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Swedish/Danish/Norwegian: plural of surnames

Discussion in 'Nordic Languages' started by Anna Mozdzonek, Mar 6, 2014.

  1. Anna Mozdzonek New Member

    Polisj
    Dear All, is it possible to refer to a whole family in Swedish/Danish/Norwegian, as we do in English (The Newmans) or in French (Les Sarkozy)? How do we form the plural in Swedish/Danish/Norwegian if we have the surname in singular?
     
  2. NorwegianNYC Senior Member

    New York, NY, USA
    Norwegian
    In Norwegian at least, it is very rare
     
  3. ramram New Member

    Swedish
    I can only speak for Swedish, but yes, it is possible, although not very common (I've never ever heard anyone using it). You don't use the plural form (if there even is one for names?), but rather the genitive form, which just happens to sound very similar to the English plural form: Svensson -> Svenssons.
     
  4. mosletha Senior Member

    Haugesund, Norway
    Norwegian
    There's no proper plural in modern Norwegian, really. Someone might sometimes add the suffix "-ene" but it usually sounds very strange. If your last name is for exampel Larsen, you should instead call your family "Larsen-familien", while the sons in your family are "Larsen-brødrene" (the Larsen brothers) and the daughters are "Larsen-søstrene".

    This might be outside you area of interest, but originally in Norse, we did not have family names at all and one's surname was simply one's own father's first name. So a man would be called "Ólafsson" and a woman would be called "Ólafsdóttir" (meaning literally "son/daughter of Ólafr"), and the plural forms of those were Ólafssynir and Ólafsdætur. This is still the case in Icelandic today, I believe. I'm not entirely sure if you would use "Ólafsbǫrn" (children of Ólafr) as a plural for both daughters and sons, but maybe someone else does.

    Edit: I should probably add that in some cases, the surname is actually the name of the mother – but that is somewhat rare, I believe.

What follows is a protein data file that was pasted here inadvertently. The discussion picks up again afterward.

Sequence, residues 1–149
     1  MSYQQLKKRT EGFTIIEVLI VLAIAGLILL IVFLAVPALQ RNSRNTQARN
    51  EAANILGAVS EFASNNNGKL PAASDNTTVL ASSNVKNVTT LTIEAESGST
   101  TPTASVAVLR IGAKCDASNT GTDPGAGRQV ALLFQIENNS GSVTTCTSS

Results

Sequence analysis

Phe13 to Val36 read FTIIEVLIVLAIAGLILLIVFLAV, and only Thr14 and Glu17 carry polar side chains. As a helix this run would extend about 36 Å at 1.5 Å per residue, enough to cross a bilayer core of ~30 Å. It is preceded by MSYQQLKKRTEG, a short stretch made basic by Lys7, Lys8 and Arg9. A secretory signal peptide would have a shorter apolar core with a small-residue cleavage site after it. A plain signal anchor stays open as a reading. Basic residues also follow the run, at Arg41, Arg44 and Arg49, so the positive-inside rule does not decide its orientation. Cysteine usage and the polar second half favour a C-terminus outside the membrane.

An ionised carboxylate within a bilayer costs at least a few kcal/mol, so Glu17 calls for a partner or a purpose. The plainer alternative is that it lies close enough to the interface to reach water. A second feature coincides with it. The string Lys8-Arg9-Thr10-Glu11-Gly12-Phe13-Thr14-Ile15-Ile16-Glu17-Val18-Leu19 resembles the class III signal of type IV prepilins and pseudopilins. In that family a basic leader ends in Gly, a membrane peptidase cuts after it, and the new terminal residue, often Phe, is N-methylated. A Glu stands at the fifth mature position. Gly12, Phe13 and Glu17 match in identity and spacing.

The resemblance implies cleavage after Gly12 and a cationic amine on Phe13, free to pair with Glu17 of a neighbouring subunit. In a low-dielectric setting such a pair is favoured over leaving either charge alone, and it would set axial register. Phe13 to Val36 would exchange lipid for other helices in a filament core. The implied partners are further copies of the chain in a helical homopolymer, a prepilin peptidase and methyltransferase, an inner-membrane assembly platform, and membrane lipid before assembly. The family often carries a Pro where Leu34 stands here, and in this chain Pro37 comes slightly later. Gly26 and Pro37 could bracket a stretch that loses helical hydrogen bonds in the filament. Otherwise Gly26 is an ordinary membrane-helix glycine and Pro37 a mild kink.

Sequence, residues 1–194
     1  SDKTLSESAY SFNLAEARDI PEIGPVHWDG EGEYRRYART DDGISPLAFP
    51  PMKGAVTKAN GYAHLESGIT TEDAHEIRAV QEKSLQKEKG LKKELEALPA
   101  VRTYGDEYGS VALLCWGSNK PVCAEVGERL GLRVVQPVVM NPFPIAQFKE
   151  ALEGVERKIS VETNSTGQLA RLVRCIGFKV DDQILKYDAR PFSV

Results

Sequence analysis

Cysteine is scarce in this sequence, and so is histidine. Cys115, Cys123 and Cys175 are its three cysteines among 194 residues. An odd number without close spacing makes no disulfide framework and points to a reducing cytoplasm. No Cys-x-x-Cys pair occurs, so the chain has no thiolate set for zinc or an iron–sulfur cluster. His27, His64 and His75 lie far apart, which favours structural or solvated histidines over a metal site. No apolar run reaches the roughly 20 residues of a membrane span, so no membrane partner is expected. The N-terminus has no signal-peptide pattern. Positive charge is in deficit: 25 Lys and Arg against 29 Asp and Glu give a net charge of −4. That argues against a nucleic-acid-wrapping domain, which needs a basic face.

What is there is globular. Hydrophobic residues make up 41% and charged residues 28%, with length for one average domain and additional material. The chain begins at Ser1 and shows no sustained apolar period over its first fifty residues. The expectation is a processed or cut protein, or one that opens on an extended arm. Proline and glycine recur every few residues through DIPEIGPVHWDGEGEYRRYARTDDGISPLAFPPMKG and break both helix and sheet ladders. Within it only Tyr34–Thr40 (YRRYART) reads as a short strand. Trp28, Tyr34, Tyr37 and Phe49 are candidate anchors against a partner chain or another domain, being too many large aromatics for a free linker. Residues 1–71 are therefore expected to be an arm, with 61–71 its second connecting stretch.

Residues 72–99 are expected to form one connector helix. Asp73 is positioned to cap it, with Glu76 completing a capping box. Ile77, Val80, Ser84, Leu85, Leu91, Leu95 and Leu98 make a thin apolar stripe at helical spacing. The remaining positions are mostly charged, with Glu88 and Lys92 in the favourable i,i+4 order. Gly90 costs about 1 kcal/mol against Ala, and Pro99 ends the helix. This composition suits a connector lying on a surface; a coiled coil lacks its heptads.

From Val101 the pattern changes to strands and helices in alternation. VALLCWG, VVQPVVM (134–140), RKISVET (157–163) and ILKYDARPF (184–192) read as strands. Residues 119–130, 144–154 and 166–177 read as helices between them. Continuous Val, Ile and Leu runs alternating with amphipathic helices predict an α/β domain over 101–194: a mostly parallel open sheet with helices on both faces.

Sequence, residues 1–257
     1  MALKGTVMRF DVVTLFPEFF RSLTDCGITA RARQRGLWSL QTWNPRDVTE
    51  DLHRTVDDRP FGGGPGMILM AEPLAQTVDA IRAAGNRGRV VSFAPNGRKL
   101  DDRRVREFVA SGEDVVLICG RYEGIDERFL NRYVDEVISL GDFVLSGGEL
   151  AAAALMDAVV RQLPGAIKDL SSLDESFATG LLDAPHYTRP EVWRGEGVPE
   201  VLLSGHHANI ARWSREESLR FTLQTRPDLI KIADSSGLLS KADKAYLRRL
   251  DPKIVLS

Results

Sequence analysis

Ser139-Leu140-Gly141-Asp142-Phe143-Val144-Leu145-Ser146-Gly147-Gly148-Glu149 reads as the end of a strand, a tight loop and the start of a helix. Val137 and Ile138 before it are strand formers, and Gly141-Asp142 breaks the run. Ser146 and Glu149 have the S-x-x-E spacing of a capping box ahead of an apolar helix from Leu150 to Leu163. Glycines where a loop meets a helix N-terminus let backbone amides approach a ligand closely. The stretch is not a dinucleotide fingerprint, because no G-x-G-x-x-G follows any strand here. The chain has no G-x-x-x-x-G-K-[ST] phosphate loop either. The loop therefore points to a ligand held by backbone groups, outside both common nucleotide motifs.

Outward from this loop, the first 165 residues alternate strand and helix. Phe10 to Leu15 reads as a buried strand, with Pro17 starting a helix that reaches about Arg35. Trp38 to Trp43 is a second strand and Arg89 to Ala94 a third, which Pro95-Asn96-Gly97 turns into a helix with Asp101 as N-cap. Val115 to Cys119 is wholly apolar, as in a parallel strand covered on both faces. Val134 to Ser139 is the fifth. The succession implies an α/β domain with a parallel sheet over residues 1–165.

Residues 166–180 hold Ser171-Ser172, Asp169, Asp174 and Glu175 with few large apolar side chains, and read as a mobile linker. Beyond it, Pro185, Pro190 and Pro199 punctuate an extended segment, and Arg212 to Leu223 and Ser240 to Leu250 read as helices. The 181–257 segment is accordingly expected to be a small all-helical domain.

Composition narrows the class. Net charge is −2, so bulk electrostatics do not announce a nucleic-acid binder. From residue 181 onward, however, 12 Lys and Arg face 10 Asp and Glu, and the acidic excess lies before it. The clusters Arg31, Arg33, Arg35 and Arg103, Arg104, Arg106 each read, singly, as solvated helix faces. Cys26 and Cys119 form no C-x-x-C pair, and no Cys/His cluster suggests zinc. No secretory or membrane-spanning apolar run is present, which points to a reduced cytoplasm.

Last edited: Mar 7, 2014
  5. Ogago Junior Member

    Swedish
    Yes, we do it. We put a genitive -s after the name, as ramram mentions. And it's not very unusual, in my humble opinion.
    Example: "Spring upp till Svenssons och låna en kopp mjöl och ett par ägg, är du snäll." I think it's a short form of "the Svenssons family"
    But we use plural when it is possible.
    Exampel: "Det var hemskt vad Berggrenarna bråkade i natt. Ja, och Wallenstammarna var inte sämre dom."
    Even in the first name we use plural, when we can.
    Example: "På mitt jobb finns två Marior, båda blonda."
     
  6. raumar Senior Member

    Oslo, Norway
    Norwegian
    Mosletha and NorwegianNYC are right -- this is rare in Norwegian. The -s plural form, which Ogago and ramram describe in the Swedish case, exists in Norwegian as well. But it is quite dated -- that is at least my impression. You might expect to hear it in movies from the 1950s and -60s, but rarely today. Actually, a popular movie from the 1960s was called "Hurra for Andersens!".

    Of course, spouses often have different surnames today (unlike 50 years ago). That makes the whole idea of a plural family surname a bit dated, or at least less practical.
     
  7. Sepia Senior Member

    High German/Danish
    Same model in Danish with the "s" at the end. Hos Petersens.

    However, I never understood that as a plural. I'd see it as a genitive. Petersens (familie, hus, ...). Anyway, I haven't heard it used for a long, long time.
     
  8. Græskar New Member

    Denmark
    Danish
    That is genitive. In Danish you would say "familien Petersen" (the Petersen family) and not Petersens.
     
  9. Sepia Senior Member

    High German/Danish

    You'd probably also say that it is something we'd only hear in television series like "Matador" - stories set in the Fifties or earlyer?
     
  10. Græskar New Member

    Denmark
    Danish
    Yes it is kind of an old fashioned thing to say
     
  11. MindBoggle Senior Member

    Copenhagen
    Danish. English from childhood
    We don't do that in Danish. There aren't a lot of families like that left, anyway, so maybe that's why.
    Few people get married, and those who do often keep their own names.
     
  12. Pauline GFG

    Pauline GFG Senior Member

    Central France
    English UK
    (Unless a native corrects me) in Swedish, familjen Newman/Sarkozy... What immediately sprang to my mind was the recurring phrase from SVT's lovely 2013 pre-Christmas serial, "Barna Hedenhös uppfinner julen":

    "Familjen Hedenhös --- KRAM!!"
     
  13. Ogago Junior Member

    Swedish
    I am a native and for me it is natural to say "Fråga Olssons på hörnet om...", "Lundéns har köpt en ny bil!", "Berggrens har alltid haft åsikten att..." etc.
    In the case of Newman, well "Fråga Newmans på hörnet om...", well, perhaps not. In the case Sarkozy, well, no.
    But of course "Familjen Olsson, Lundens familj, and barna Hedenhös is correct too.

    (About barna Hedenhös - today we would say barnene Hedenhös. 'Barna' implies feminin form av 'barn' in ancient Swedish, still used in Norwegian. Still used in dialects though. ...if I'm not wrong.)
     

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